Thursday, March 13, 2014


The other day, a friend posted something on Facebook to the effect that the church needs to detox from religion and awake from its spiritual numbness. This is a common thought among many who feel the church has drifted away from what God intended. As many of you know, I have been critical of church in many ways, and I would agree with my friend's statement. Having said that, I want to focus on what I think is a solution, or at least what is being done correctly.

I want to make a distinction between the Church as the body of Christ and church, as a local assembly or institution. The Church was given a mission. If we are in the body of Christ, we are commanded to love God by following Jesus, to sacrificially love others as Christ loved us, and to make disciples who also love God and love others. That is what we are called to do. How that will play out can and will vary according to time and culture. The basics remain the same. I believe that the church at times has done an excellent job of fulfilling the mission. There have been times where the church has failed miserably. There have always been local assemblies that have done what they were called to do, and there have been local assemblies that have failed. We tend to think of the first century church as the ideal,  but a good bit of the New Testament was written to correct problems in various churches. The local assemblies of the early church had some serious problems, ranging from division over leadership to major sexual sin. Down through the centuries church history has been up and down, as assemblies and institutions have drifted away from the mission. The Church, however, has always been there, advancing against the gates of hell and bringing the kingdom of God to bear.

Things are really not much different today. Only the names have been changed to protect the guilty. The church in the West has gone of the rails in many ways. Part of the reason is Christianity has become Christendom, and the mission of the Church has been lost in the mission of one side or other of the political aisle. We have been caught up in culture wars, building empires, gaining "influence," and divisions over personality, tradition, or practice. Much of what is done is not very different from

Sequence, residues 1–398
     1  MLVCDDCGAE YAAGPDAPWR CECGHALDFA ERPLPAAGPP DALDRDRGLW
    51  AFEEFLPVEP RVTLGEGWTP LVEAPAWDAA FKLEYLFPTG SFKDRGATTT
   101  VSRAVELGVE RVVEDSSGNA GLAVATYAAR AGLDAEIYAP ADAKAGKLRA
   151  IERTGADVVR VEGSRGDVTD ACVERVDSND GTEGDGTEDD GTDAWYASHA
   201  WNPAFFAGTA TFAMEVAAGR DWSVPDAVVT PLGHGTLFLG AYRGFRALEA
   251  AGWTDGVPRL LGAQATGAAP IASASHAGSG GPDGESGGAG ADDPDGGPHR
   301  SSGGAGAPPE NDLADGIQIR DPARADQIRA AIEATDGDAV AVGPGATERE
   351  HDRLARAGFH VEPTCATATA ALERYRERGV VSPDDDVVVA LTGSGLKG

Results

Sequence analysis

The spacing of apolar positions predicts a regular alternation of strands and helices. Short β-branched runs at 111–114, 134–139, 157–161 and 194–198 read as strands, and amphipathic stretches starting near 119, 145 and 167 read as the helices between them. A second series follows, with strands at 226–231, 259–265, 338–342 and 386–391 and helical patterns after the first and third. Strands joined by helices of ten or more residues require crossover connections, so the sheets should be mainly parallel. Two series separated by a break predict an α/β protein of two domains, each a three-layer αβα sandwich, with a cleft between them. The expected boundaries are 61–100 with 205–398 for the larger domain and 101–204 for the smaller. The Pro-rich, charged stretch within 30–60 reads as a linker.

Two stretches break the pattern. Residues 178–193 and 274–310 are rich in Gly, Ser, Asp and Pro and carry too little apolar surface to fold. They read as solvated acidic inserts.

what a number of other organizations do. Many gather each week to hear a motivational speech, or a
diatribe telling them how they must try harder and do better.

What I believe the church needs is not more preaching on 5 steps to be a better __________________, more ranting about getting rid of the "sin" and getting "right with God," or more talking about influence in a particular kingdom of this world. I don't care how big your church may be, how wonderful you're weekly speaker is, or how many programs you have. If you are not making disciples who go out and give the good news of God's grace and what Christ has done, you've lost me. I believe that the church needs to be reminded of what we were without Christ, what Christ did for us on the cross, and what we now are because of that amazing grace of the Father. We need to be taught what it means to follow Jesus as we walk through our day-to-day and try to love God and love others. We need to be in each other's lives, not just one or, at most, two days a week. We need to be discipled and taught how to disciple others. We need to live life together in a community that is gospel-centered and concerned with joining Jesus in the mission of reconciliation. We need to see, and be, examples of sacrificial love for our neighbors. We need to rest in what Jesus has done, not in
what we do. These things can be done in a variety of local assemblies, from a mega-church with missional communities within the church, to a house church that is out and about in their neighborhood, to everything in between. The assemble can be part of a denomination, or an independent. Traditional or contemporary, or some mixture. As I have learned, you can find the Church within the church.

I take comfort in Jesus' declaration the hell itself will not stand against his Church. Not because we are such great folks, but because we are the body of Christ. It is Christ that lives in us, and it is Christ
that is accomplishing the mission that the Father gave us. Does that mean we will always get it right?
Nope. It does mean that God can redeem even our poor efforts to do his will. The Church is there. It always has been and always will be. I do believe that the time is coming when the church as we know it will fade away, and the Church will be much stronger.


KC Bob said...

Seems like one of the major problems the church has had is the focus on activities in the church building.

Fred Shope said...

You're correct!

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